There is little chance that peace can be brought to the Middle East unless it is imposed on both Israel and Palestine by the international community. Calling for an International Peace Conference and an immediate cease-fire ought to be the first foreign policy priority for the Obama Administration.
Instead, Secretary of State nominee-designate Hillary Clinton’s remarks to the Foreign Relations Committee on Tuesday committed the Obama Administration to a path that is certain to fail as it has throughout the past several decades. There were three elements to her position:
1.) A strong recommitment of the United States as the primary support for the State of Israel, a position that guarantees that it cannot play the role of “honest, neutral broker of peace” since we are already on one side of the struggle;
2.) A strong restatement of the position that the U.S. will not negotiate with Hamas until it recognizes the State of Israel (a position which Hamas has already said it would not do de jure—which is what is being sought—though de facto it has been willing to negotiate a cease-fire agreement with Israel and announced that it is prepared to negotiate a new agreement that could last for twenty or thirty years);
3.) A commitment that the Obama Administration would try to bring the two parties together for negotiations.
How to make sense of a position whose logic defies the views that Obama articulated when he was seeking the Democratic nomination? At that point, he made clear that we should negotiate with Iran and Syria, though they constitute far more serious threats to American interests than Hamas. The difference, of course, is the Israel Lobby to which Obama and Clinton have repeatedly paid obeisance. That lobby, representing the most hard-line elements in the Jewish world (but also tens of millions of Christian Zionists who consistently support the militarist perspective in dealing with Arabs and Palestinians), has insisted as a matter of faith that American politicians promise not to deal with Hamas, just as in the 1980s and 1990s these same forces insisted that the U.S. not negotiate with the PLO.
According to several Israeli analysts, the Obama Administration’s game plan is this: To call for a cease-fire that will freeze in place Israel’s commanding military position in the West Bank and Gaza—after allowing Israel some more time to finish wiping out Hamas operatives in Gaza—then hope that the military success will strengthen Ehud Barak (head of the Israeli Labor Party) and Tzipi Livni (head of Olmert’s Kadima party) in the February elections, and that these two will form a government to negotiate a peace agreement with a Palestinian Authority whose power will be strengthened by the defeat of the military option proposed by Hamas.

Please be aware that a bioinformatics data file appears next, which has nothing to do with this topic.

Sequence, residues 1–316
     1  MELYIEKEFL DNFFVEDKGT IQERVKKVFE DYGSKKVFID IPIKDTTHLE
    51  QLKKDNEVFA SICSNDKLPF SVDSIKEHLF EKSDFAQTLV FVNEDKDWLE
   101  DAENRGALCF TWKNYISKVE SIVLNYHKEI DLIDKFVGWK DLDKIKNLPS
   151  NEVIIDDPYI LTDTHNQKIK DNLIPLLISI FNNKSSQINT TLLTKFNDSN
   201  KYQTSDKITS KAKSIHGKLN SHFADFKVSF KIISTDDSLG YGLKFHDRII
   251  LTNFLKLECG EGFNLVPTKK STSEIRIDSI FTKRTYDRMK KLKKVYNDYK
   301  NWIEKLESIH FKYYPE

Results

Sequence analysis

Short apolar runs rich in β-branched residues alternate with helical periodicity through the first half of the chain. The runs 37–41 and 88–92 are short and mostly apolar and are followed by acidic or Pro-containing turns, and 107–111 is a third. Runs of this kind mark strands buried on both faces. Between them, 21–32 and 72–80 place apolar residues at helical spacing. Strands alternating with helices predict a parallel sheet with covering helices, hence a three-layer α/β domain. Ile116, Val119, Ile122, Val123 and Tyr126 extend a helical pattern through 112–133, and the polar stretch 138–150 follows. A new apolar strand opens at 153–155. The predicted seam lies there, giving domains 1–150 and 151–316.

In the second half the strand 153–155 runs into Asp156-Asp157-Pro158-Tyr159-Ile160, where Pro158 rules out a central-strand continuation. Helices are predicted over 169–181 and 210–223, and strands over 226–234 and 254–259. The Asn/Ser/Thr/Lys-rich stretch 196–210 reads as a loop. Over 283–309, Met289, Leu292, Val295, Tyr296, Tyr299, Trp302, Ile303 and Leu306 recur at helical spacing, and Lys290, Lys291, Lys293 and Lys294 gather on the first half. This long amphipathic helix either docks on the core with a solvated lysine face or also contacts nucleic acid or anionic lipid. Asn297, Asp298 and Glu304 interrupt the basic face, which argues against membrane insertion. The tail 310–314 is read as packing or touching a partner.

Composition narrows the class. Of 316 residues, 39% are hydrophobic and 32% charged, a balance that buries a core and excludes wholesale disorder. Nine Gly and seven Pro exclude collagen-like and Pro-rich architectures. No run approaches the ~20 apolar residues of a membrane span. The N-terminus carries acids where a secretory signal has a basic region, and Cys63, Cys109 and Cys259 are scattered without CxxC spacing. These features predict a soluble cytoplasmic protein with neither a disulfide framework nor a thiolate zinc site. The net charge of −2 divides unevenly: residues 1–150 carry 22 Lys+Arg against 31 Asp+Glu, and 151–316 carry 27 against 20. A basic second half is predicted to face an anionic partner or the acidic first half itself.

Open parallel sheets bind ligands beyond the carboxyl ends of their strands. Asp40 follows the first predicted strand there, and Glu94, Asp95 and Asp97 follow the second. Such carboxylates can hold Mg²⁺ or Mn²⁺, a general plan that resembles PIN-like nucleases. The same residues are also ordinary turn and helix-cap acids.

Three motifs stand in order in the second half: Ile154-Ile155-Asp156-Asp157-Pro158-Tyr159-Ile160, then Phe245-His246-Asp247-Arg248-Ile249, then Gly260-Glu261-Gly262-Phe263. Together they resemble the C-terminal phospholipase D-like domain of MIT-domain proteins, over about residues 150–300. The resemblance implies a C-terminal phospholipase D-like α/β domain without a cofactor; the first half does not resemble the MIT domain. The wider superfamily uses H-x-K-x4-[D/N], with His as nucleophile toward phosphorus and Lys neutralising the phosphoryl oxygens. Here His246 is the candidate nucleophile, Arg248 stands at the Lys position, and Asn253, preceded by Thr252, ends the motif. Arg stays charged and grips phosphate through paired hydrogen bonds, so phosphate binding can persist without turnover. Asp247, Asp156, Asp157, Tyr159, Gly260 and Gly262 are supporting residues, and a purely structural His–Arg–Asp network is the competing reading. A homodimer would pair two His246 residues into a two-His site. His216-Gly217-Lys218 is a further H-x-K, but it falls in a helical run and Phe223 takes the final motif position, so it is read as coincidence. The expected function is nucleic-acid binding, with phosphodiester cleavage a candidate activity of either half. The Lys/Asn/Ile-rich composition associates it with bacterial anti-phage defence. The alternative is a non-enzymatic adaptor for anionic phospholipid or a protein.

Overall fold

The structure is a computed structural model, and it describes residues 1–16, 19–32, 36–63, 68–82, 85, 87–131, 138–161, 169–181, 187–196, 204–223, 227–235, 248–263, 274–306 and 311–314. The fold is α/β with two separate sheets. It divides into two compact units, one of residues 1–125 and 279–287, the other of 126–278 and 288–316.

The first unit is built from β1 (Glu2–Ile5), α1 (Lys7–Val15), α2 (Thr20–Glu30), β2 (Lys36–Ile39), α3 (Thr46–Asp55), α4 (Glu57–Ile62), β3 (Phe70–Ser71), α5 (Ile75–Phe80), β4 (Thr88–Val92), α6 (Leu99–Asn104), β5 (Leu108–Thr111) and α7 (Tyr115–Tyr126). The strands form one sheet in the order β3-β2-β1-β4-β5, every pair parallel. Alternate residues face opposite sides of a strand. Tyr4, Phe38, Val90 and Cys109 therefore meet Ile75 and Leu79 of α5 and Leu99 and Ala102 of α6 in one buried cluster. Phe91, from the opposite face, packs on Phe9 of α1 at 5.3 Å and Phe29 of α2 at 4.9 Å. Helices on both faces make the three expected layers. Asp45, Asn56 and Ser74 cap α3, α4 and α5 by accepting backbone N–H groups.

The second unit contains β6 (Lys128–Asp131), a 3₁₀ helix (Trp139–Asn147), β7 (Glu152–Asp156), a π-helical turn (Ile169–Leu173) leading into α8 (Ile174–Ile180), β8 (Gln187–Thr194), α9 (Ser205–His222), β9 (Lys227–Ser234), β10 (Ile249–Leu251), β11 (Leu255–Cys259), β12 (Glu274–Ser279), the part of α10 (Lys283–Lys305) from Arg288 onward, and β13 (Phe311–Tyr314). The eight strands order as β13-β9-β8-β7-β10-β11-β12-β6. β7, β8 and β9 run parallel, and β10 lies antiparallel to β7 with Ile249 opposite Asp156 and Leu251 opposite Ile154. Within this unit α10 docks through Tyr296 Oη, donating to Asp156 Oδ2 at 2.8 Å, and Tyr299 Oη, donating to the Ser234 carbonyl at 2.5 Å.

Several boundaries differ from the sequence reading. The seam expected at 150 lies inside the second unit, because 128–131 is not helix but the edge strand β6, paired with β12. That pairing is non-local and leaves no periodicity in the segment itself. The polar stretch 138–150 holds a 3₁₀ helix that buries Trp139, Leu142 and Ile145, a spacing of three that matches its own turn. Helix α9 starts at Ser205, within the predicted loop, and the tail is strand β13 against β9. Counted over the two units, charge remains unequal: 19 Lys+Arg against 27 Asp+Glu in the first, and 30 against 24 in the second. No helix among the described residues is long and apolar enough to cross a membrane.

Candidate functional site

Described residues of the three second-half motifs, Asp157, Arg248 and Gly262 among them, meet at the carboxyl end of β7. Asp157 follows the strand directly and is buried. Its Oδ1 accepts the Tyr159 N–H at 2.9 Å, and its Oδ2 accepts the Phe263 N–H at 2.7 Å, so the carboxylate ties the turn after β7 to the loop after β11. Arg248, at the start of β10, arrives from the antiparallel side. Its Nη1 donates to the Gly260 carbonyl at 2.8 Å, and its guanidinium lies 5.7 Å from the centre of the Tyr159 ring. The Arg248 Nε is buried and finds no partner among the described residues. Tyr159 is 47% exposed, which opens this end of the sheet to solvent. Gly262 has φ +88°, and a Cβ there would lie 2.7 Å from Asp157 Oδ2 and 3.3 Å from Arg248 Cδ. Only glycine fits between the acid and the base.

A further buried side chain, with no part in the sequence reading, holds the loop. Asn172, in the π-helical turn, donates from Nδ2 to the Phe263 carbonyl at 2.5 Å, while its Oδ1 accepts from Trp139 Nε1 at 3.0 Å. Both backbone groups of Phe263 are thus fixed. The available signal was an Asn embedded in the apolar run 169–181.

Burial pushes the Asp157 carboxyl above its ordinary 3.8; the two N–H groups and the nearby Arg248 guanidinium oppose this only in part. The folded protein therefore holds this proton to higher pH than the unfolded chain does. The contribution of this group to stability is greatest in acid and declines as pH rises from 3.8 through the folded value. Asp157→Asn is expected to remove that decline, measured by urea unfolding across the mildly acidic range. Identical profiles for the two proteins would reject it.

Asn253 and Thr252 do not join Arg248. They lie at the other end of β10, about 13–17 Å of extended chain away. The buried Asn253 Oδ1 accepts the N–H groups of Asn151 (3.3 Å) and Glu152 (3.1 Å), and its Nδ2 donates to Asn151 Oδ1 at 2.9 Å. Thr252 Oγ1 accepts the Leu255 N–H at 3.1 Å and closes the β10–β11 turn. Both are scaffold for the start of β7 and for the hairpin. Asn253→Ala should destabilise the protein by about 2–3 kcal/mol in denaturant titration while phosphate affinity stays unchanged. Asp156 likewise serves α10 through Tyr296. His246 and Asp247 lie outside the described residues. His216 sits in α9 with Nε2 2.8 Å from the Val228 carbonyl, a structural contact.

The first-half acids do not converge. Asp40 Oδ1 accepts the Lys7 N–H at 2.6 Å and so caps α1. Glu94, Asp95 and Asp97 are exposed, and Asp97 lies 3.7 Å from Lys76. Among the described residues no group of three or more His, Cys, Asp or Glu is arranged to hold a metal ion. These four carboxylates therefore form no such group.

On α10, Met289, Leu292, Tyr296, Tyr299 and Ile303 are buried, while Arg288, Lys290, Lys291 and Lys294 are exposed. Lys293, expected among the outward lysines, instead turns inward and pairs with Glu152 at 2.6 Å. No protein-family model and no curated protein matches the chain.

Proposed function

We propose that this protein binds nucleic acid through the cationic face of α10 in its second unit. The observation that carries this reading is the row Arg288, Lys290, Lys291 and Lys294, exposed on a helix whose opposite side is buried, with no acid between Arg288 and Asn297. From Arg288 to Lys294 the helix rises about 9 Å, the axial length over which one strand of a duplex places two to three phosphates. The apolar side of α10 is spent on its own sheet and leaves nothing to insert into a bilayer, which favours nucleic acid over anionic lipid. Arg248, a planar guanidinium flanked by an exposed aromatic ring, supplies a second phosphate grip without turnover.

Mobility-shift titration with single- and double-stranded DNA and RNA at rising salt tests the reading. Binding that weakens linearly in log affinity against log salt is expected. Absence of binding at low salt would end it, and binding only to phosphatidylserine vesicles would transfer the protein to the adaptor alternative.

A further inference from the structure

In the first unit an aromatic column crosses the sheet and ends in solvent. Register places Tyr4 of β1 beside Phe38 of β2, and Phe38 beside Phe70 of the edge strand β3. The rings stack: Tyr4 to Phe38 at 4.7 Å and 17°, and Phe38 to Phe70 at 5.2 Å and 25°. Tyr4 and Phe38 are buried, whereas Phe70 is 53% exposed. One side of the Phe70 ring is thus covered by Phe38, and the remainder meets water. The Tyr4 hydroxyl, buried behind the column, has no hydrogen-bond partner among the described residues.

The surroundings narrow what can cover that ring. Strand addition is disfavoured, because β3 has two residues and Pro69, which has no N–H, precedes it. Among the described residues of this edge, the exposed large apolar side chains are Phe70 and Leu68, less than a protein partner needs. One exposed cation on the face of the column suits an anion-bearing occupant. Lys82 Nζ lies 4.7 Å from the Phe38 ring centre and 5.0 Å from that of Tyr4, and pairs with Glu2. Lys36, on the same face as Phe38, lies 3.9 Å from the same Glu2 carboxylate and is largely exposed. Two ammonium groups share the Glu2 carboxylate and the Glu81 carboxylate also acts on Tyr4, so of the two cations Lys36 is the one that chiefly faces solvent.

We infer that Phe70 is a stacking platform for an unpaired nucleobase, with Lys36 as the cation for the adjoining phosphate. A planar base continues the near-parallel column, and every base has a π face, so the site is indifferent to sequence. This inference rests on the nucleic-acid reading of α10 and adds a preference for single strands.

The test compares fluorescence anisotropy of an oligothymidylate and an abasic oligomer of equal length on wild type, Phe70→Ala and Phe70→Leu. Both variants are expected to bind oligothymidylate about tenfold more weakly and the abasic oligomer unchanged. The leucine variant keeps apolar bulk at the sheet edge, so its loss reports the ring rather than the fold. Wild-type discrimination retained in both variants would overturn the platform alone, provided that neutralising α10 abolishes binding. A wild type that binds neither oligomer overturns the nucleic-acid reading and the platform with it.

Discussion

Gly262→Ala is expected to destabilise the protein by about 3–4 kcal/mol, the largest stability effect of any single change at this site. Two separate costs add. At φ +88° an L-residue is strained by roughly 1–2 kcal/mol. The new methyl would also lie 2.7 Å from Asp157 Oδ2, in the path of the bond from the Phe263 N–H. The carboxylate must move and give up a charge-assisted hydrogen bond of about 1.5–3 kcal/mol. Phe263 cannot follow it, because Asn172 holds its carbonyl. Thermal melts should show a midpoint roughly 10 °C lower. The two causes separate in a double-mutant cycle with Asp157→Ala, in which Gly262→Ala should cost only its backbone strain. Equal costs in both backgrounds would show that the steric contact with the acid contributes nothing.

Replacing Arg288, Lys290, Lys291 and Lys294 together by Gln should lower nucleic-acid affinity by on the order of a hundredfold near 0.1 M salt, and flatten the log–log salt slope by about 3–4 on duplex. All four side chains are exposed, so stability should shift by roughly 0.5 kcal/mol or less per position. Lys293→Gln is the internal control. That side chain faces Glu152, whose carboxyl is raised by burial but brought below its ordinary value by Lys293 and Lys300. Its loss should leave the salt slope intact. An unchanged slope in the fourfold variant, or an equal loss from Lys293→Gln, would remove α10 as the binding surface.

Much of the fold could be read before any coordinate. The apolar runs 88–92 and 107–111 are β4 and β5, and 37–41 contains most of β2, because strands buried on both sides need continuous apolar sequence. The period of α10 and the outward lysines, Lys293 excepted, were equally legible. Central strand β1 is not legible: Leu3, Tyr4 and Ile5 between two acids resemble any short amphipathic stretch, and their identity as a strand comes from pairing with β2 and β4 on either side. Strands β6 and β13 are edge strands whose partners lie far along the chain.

The New York Times Ad:
On Wed. Jan.14, Rabbi Michael Lerner’s Tikkun magazine and the Network of Spiritual Progressives ran a full page ad in the New York Times.
The ad, signed by Dr. Cornel West, Sister Joan Chittister, and 2800 others, urges President-Elect Obama to:
1.) Call for an immediate cease-fire in Gaza when he is sworn in as president, and 2.) Convene an International Peace Conference to resolve the Israel/Palestine struggle.
He now seeks to have that ad republished in the Washington Post and other media. You can read, sign and/or donate to the ad here.
Unfortunately, the Palestinian state likely to be produced by these negotiations will be neither economically nor politically viable. Barak and Livni will not have the power to make serious concessions to the Palestinians, so the state they are likely to agree to (with Hillary Clinton and the Obama Administration’s participation) will be one that allows the Israeli army to crisscross the Palestinian state in order to safeguard Israeli settlements and the 400,000 Israelis who will continue to live in them. The state thus created will resemble a patchwork of little city-state cantons that will not look or feel to Palestinians to be a real state.
And while the weak Palestinian Authority may grasp at any straw it is offered, and hence accept an arrangement of this sort, the vast majority of Palestinians will eventually wake up to the understanding that this US-negotiated deal is little more than an agreement by Palestinians to police themselves while Israel retains its settlements and its military dominance of Gaza and the West Bank.
Eventually, an invigorated Islamic fundamentalist movement will reappear to resume the struggle, while Israelis and Americans cry “foul” since they “gave” the Palestinians a state.
The only viable alternative is for Obama to call for an international conference of the European Union, Israel, and the Arab States, the permanent members of the UN Security Council—and yes, Iran and India as well—and allow that international conference to impose a solution that provides security and justice to both sides. Only an imposed settlement has the slightest chance of being just to Palestinians—the precondition for a lasting peace, and hence the strategy that those who yearn for a secure Israel must pursue.
Just as the international community decided to support the creation of the State of Israel in the wake of the Holocaust, so must that community act in concert to create an economically and politically viable Palestinian state. Hard as it may be to push the Obama Administration in this direction, it will be less difficult than getting Secretary of State Clinton to use American power to directly force Israel to be responsive to the minimum needs for peace and justice for the Palestinian people.